Last week we released the latest edition of our annual research journal, Tuhinga, through our Collections Online. While we’ve had some older editions of Tuhinga available as downloadable pdf’s for a little while now, this is the first year we’ve released Tuhinga primarily in digital form, and linked to the collections themselves.
This years issue of Tuhinga is the largest published to date, with 8 research articles from a wide range of research fields including spiders, crustaceans, the flatworm, podocarp trees, an archaeological investigation of a large Māori Settlement of a volcanic cone in Auckland, exploring the material culture from Niue Island in Te Papa’s Pacific Cultures collection, and the identification and description of feathers in Te Papa’s Māori cloaks. Check it out here.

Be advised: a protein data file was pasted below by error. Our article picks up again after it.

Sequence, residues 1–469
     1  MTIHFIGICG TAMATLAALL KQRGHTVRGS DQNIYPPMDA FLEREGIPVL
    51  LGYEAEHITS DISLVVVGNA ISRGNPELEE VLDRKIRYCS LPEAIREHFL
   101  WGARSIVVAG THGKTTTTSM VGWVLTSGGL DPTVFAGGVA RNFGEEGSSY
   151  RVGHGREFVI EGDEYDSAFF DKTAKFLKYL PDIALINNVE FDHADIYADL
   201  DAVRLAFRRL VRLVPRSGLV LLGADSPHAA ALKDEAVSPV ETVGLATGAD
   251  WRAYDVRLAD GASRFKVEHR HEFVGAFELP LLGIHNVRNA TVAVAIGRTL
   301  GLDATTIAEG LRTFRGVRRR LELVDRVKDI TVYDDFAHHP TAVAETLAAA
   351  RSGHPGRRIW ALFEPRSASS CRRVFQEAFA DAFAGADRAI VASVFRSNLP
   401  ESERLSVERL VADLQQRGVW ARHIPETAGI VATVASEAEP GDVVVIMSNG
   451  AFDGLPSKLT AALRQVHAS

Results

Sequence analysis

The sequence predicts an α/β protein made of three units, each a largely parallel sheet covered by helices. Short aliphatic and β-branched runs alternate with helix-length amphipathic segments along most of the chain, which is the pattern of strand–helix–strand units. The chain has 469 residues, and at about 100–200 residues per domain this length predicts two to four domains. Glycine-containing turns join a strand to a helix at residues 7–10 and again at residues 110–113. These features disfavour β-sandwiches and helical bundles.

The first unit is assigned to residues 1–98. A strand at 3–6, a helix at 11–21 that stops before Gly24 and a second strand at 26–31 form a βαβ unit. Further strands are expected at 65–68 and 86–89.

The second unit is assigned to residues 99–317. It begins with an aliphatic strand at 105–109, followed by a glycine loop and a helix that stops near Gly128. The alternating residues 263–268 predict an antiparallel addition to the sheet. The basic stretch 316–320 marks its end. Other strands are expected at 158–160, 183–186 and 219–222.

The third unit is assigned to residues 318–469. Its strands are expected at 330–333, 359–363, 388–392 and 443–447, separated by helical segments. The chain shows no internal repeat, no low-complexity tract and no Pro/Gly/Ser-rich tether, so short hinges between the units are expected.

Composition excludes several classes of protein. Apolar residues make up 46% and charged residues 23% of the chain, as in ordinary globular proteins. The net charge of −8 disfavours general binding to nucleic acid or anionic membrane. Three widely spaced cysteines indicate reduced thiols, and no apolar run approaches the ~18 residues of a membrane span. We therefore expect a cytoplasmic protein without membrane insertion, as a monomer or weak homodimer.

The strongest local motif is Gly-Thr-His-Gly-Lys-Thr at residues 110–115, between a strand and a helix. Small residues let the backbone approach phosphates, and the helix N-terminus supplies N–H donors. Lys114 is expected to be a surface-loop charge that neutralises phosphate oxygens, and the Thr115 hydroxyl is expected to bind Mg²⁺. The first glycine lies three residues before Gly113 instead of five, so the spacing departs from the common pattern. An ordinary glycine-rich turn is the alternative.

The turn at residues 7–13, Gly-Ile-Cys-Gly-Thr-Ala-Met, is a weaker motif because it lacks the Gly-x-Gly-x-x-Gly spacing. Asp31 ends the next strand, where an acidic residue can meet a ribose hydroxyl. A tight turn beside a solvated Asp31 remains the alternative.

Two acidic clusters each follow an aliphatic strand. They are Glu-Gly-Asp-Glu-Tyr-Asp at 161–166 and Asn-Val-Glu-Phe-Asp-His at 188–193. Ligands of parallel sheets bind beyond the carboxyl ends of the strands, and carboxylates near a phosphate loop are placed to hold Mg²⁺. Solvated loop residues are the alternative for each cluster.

By making Tuhinga, and the individual articles, available through Collections Online, we make more of the research our staff and associates undertake available to a much wider audience than ever before. But possibly even more importantly, we make that research available in the context of the artworks, objects, specimens, taxonomies, people and places the articles are about. For example Safua Akeli and Shane Pasene’s research on the Niuean objects and material culture in Te Papa’s collections is now directly linked to some of the objects discussed in the article. This also works in reverse; if you were researching throwing stones had found this maka you could see the stories and research that reference it, including the Tuhinga article.
While this year’s journal is the first to be delivered through Collections Online, we’re working to make all the previous Tuhinga journals and their articles available in the same way. We’re also looking to see how we can increase access to some of our other research, which might already be published, but a bit difficult to find.